Instead of celebrities, look at yourself. Your family. Your friends.
Change begins at the home, with you.
Instead of being afraid of the discussion of sex with your children, embrace it. Teach your sons and daughters rape is wrong. Teach them how to be good people. Morality isn't found in the church.
It isn't found in a steeple. It isn't found in the government.
It's found at home, and it starts with you.
There will always be bad people in the world, but there are so many good people, too. For that stranger you held a door for, bought a coffee for when they were sad, dinner for when they are hungry, you are the hope in their world. For that person you saw on a bench and sat down next to, and offered your ear without judgment, you are their shining light.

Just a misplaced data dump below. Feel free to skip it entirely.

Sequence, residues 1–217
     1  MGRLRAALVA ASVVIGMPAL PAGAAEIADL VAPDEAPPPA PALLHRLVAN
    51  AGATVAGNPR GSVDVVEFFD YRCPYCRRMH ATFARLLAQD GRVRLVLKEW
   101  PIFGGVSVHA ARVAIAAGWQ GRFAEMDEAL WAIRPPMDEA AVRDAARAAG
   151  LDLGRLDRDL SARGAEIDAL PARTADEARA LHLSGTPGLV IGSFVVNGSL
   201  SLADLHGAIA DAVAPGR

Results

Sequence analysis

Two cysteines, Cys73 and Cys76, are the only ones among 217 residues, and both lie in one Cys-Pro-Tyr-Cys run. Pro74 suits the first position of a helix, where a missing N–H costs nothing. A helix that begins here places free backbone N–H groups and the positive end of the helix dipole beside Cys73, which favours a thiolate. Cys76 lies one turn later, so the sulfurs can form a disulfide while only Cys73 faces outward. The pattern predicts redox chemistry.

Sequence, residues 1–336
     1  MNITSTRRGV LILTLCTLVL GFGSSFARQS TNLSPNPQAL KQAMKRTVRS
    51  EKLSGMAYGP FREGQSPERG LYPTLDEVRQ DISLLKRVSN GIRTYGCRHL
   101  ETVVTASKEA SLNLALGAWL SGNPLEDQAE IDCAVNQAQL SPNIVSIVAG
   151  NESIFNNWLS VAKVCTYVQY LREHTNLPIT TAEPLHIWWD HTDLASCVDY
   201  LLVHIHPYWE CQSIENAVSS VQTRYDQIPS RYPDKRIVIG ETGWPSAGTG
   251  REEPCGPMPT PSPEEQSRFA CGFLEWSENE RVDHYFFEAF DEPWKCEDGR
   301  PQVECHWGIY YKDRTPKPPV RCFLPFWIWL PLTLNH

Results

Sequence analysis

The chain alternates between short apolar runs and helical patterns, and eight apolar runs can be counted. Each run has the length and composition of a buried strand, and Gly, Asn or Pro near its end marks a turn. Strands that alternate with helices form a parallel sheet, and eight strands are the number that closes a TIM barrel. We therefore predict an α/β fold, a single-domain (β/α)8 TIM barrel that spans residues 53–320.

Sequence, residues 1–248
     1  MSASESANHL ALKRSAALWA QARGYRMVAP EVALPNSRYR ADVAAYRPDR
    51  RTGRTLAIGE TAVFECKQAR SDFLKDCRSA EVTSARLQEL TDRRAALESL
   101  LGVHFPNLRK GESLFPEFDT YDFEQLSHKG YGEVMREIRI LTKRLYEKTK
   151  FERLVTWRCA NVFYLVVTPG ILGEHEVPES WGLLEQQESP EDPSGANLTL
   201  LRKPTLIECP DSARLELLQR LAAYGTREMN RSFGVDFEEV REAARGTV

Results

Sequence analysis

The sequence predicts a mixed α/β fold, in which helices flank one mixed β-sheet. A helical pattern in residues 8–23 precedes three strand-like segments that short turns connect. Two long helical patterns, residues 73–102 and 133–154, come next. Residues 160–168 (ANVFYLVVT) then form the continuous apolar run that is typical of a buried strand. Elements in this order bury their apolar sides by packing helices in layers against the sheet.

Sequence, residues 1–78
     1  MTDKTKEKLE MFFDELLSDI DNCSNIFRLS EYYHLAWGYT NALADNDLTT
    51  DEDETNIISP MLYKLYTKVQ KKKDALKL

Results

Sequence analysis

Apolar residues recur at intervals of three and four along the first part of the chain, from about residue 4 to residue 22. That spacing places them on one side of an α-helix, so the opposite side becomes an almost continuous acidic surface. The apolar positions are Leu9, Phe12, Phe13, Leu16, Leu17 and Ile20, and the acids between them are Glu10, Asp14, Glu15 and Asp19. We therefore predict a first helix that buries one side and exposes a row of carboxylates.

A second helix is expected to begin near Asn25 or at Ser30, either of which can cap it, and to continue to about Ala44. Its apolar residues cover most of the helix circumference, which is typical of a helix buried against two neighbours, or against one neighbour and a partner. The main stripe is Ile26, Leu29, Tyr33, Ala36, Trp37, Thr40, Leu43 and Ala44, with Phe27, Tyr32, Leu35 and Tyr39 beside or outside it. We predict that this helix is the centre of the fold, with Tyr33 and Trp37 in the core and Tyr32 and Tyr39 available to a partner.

There are good people in the world. Instead of looking for the Emma Watsons of the world, take a long look in the mirror.
Be that good person you're looking for. Then you're the example you want to set. You don't have to be wealthy, popular, or outgoing to be a good person. Be one, and take the time out of your busy life and notice the world around you and all the little things people do to be good to each other–things people do without expecting praise, reward, or acknowledgment.
If you can't find the good people in the world, be that person. It's not hard. Open a door. Offer someone a smile. Buy a homeless person a lunch and listen to their story.
You don't need to move mountains to make a difference.